INDIANAPOLIS (WISH) — The Marion County Prosecutor’s Office on Tuesday night kicked off what will become a series of hate crime community discussions.
They are an extension of the work being done already with the Marion County Hate Crimes Hotline, which was created in August.
The prosecutor said, with the county’s diverse population, it’s time to get ahead of these conversations about hate crimes.
MOTW Coffee and Pastries is on Indianapolis’s west side, an area of the city known for its diversity in business and culture. That’s part of the reason two friends, Kate Breen and Megan Zurawicz, makes it a point to come to the coffee shop west of Lafayette Road on West 38th Street.
MOTW in the shop’s name stands for Muslims of the World. “I thought, ‘Well, that’s unique,’ and I actually also thought that (having Muslims in the name) is kind of brave because of the way things are you know today,” Breen said.
The shop on Tuesday night hosted the first discussion designed to focus on hate crimes in the Muslim community.
Breen has her friend Zurawicz to thank for even knowing about the place. She lives only a couple blocks away and said this is the epitome of what a community business looks like.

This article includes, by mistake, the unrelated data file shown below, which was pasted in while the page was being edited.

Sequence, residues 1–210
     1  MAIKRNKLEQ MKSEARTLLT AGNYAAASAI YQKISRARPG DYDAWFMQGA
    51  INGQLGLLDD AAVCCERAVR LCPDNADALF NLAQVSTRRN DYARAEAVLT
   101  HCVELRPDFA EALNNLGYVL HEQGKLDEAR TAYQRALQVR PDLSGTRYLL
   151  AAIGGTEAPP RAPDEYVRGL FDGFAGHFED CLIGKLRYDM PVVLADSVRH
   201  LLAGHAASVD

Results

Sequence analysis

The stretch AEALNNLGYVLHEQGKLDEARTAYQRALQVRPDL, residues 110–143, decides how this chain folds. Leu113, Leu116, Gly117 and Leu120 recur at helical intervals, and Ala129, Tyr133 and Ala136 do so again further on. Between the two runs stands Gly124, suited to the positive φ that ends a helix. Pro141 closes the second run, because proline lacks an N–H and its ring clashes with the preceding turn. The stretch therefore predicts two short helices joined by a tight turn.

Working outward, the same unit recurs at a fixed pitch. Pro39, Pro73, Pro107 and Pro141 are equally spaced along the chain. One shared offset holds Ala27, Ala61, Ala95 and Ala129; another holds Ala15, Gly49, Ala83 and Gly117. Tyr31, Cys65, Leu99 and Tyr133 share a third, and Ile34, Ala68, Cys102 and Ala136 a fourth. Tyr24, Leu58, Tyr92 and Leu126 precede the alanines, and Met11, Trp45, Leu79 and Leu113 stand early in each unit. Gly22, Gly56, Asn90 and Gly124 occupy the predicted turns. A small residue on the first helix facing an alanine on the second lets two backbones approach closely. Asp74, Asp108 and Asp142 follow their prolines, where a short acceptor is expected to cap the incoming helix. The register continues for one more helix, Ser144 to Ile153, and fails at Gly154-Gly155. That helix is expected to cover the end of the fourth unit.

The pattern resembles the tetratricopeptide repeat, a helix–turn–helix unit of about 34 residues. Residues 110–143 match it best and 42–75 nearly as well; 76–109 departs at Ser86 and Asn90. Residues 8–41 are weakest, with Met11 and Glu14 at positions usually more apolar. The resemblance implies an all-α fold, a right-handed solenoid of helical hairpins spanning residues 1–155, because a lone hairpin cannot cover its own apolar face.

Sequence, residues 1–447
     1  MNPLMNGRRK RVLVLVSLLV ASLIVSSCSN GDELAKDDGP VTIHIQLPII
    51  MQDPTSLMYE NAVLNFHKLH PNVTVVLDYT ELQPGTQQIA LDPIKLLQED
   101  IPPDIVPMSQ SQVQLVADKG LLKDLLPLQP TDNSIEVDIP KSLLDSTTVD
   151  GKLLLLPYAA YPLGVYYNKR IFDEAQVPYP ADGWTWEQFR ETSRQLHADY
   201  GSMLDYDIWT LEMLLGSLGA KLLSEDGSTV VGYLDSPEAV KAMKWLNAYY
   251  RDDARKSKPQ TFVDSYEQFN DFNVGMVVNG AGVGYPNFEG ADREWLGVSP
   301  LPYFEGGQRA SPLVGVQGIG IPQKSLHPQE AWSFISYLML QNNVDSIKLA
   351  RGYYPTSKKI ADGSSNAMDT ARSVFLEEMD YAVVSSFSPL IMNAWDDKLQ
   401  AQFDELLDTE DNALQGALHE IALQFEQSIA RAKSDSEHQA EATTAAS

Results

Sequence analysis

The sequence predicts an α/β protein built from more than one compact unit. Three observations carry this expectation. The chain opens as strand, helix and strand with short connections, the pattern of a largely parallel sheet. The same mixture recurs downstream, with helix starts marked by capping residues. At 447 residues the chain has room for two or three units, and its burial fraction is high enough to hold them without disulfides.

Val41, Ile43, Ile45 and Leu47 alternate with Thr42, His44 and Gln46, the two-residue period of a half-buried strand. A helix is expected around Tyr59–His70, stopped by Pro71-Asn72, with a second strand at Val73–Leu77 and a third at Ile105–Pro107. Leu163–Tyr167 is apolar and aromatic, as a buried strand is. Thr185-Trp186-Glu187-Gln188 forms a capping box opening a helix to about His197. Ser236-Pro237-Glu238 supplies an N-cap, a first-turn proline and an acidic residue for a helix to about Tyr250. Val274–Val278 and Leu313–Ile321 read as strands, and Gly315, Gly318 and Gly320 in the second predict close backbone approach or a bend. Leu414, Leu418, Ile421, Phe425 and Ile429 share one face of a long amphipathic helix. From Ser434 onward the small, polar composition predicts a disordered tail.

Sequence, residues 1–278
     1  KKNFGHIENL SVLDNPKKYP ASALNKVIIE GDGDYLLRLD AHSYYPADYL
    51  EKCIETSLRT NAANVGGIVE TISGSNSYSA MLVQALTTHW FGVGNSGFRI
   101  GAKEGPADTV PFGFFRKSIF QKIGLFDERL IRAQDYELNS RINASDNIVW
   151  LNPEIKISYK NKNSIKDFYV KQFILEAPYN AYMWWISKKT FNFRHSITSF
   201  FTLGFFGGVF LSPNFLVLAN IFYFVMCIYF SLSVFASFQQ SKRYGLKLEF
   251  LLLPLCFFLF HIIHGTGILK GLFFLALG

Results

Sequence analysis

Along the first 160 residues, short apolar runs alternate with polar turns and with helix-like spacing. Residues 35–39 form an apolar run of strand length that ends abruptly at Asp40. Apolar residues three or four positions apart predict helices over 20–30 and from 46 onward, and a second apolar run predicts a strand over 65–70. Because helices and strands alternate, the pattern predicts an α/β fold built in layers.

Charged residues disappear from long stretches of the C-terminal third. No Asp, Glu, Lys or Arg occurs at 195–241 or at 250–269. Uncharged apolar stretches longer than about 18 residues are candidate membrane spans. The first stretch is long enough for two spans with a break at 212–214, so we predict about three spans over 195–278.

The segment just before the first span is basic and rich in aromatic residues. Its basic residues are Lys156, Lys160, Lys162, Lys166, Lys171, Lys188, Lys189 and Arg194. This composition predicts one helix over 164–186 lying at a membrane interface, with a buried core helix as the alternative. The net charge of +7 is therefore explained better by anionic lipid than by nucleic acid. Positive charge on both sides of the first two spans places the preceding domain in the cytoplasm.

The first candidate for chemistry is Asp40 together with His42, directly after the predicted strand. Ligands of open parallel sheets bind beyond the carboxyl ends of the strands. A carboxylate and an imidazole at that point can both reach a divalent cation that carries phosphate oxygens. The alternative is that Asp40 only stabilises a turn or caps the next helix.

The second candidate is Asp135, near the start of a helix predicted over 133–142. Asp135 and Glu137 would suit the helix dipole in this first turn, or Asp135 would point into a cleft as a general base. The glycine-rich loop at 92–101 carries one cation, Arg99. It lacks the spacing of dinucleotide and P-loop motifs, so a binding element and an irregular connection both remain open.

“When I moved to Indianapolis I chose this neighborhood specifically for its diversity because it is something that I cherish,” she said.
Breen appreciates what the county prosecutor is doing. “We need more of why we are the same, what makes us the same rather than what makes us different,” she said.
Coffee and pastries is in the shop’s name, but it’s more of a backdrop to what really matters. The pictures on the wall tell stories about Muslim persecution around the world, setting the tone for a much-needed discussion on hate crimes against Indianapolis Muslim communities.
“It’s certainly time that Indiana join the rest of the country in recognizing that this is a problem, and it’s a problem that needs to be addressed correctly,” Marion County Prosecutor Ryan Mears said.
Mears said 45 states have hate crime laws on the books, but Indiana is not one of them. When police in Indiana are called to a scene it’s never for an actual hate crime.
“What we can do is argue for a statutory aggravated, meaning a judge can impose a harsher penalties then they otherwise would,” Mears said. “But, there’s not a standalone crime and that really impedes law enforcement’s ability to do an investigation because they don’t have a standalone crime to investigate.”
He said when dealing with hate it’s important to empower victims.